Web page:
The Betoota Advocate’s editor Clancy Overell told news.com.au today was a day they had feared, but prepared for.

“There was an element of expecting this, the tap was always going to get turned off at some point, today’s the day.

“We thought we’d get a bit of a warning, when it’s time to call a bluff it’s time to call a bluff and the government has been caught out.”

Mr Overell worried about the potential impacts the ban will have, particularly on rural and regional publications like his that have already been impacted by severe cuts in the past year.

“The first consumers of news to miss out are rural, it’s a weird time where rural Australia are forced to get their news from the same places as someone living in Surry Hills or West End. “There will be no local news and it’s a big fear for bushfire season and the like, rural media has really taken a hit, not just because of today’s changes,” Mr Overell said.

He said the site has prepared by spreading over different social media platforms and producing podcasts across a number of streaming services.

While no longer allowed to post on Facebook, Mr Overell said Betoota had an “engrained audience” that came to direct to its website and followed its newsletter.

“It was always in the back of our minds, the fear the music would stop and we wouldn’t have a chair to sit on,” he said.

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Media bargaining code protest backfires

As Australians adjust to a brave new world without news on Facebook, experts have started to analyse the long-term impact of the drastic move – and it doesn’t look good for the social media giant.

Facebook stunned Australians early on Thursday morning with the bombshell announcement that users would no longer be able to view or share news on the platform, with Australian content also hidden from international users.

The shock decision was made in retaliation to Australia’s proposed new Media Bargaining law, with the federal government pushing forward with a plan to force social media giants to pay for news content.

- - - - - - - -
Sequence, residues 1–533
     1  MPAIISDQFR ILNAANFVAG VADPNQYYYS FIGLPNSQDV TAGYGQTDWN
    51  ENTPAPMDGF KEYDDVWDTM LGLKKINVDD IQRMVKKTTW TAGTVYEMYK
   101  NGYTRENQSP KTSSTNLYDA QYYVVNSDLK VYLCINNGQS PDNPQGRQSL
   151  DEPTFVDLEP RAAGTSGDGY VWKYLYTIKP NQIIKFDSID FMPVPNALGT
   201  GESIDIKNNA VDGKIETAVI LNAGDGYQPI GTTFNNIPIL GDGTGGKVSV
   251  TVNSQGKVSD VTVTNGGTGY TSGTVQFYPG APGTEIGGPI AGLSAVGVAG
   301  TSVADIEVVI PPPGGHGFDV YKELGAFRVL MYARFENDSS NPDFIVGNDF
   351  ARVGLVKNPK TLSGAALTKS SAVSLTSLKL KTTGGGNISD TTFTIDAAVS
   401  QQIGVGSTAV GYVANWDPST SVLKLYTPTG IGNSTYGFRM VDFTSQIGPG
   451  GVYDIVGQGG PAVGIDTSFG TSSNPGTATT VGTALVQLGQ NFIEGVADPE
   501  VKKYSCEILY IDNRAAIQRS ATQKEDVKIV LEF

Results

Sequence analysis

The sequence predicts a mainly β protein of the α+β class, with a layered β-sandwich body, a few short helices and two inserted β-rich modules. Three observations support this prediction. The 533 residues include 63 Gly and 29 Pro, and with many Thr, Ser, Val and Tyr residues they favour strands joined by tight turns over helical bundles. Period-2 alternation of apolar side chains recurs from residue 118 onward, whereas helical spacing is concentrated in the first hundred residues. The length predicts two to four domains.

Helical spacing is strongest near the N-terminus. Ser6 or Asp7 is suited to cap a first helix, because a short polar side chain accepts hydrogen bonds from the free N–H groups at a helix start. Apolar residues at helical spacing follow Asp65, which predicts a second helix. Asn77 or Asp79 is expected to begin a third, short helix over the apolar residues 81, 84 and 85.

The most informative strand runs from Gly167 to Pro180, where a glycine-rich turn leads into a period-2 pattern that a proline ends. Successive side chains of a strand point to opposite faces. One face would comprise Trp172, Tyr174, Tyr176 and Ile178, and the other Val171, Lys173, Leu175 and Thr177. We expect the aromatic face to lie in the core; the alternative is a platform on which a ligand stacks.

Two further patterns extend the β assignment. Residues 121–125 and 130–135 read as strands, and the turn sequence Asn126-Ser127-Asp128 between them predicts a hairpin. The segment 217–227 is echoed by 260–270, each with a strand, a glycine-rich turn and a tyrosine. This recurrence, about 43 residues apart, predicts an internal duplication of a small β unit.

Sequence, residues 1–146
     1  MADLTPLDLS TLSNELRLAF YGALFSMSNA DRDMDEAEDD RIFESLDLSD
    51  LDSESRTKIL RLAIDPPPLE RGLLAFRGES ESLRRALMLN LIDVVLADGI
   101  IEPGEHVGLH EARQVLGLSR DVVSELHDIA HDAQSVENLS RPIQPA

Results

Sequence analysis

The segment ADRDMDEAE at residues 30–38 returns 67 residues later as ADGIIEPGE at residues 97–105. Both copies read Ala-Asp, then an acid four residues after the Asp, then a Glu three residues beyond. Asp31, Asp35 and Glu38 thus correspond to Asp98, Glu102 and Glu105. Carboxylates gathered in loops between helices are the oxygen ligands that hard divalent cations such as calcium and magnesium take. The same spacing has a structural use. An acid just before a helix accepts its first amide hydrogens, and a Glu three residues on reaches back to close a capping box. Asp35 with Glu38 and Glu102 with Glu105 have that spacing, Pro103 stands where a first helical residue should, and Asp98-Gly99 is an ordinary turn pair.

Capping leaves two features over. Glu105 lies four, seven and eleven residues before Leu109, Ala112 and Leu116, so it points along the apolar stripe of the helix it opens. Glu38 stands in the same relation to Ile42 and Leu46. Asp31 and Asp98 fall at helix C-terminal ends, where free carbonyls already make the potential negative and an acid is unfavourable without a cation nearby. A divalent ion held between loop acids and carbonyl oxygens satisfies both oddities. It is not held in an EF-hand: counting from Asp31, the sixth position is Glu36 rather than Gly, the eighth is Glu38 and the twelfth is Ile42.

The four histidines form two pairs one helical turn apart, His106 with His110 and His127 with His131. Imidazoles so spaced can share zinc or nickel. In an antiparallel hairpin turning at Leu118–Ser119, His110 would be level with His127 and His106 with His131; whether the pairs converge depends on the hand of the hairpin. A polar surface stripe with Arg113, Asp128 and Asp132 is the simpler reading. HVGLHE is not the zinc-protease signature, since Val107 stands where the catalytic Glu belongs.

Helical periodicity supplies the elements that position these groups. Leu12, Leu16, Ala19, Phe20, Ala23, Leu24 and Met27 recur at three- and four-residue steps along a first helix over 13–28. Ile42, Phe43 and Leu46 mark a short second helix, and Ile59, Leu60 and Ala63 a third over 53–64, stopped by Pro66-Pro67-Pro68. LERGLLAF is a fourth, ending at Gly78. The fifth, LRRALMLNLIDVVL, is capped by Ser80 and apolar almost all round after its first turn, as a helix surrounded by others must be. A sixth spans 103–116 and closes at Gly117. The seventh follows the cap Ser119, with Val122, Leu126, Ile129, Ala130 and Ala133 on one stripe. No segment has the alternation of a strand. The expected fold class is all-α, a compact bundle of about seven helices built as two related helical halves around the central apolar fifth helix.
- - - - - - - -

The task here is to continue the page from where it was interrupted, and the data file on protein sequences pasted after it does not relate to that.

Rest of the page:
But according to Swinburne University of Technology media and communications lecturer Diana Bossio, while the news exodus would cause some “short-term negative impacts” for Australians, it might have shot itself in the foot in the process.

In a piece penned for The Conversationyesterday, Dr Bossio said local Facebook users would be inconvenienced by the lack of news, the fact that a slew of government and charity pages had also gone dark, and by a “short-term proliferation of misinformation as Facebook’s news feed will have a vacuum of professionally sourced and fact-checked news”, with smaller, independent news organisations most at risk by the exit.

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But she said “the reputational damage from blocking important sites that serve Australia’s public interest overnight – and yet taking years to get on top of user privacy breaches and misinformation – undermines the legitimacy of the platform and its claimed civic intentions”.

“Facebook’s actions may send a message to the government, but they will also send one to their Australian users,” Dr Bossio wrote.

She added that Australians would simply look elsewhere for their news – but stressed that the change to people’s feeds “might be a deal-breaker” for some, and that “the reputational damage and publisher exodus will eventually damage its core business: digital advertising revenue”.

It’s a sentiment echoed by a string of other experts and politicians, with a defiant Treasurer Josh Frydenberg yesterday vowing the government would stick to its guns and make Facebook pay.

“Facebook was wrong. Facebook’s actions were unnecessary, they were heavy-handed, and they will damage its reputation here in Australia,” he said.

“Their decision to block Australians’ access to government sites – be they about support through the pandemic, mental health, emergency services, the Bureau of Meteorology – were completely unrelated to the media code which is yet to pass through the Senate.”

Communications Minister Paul Fletcher also lashed the “surprising decision” and said it was one that was “unlikely to be in the long term interest of their brand”.


Meanwhile, scores of experts and industry insiders have also come forward to slam Facebook’s decision.

Science and Technology Australia CEO Misha Schubert said the blocking of content from science organisations along with news sites denied access to essential health information.

“For Facebook to block access to the feeds of trusted science and health organisations in Australia during a pandemic and bushfire season is irresponsible and dangerous,” she said.

“At a time when the company is taking steps to tackle misinformation on its platform, it’s concerning it has chosen to silence some of this nation’s leading scientific voices.”

That concern was echoed by Chris Cooper, the executive director of Reset Australia, an initiative working to counter digital threats to democracy.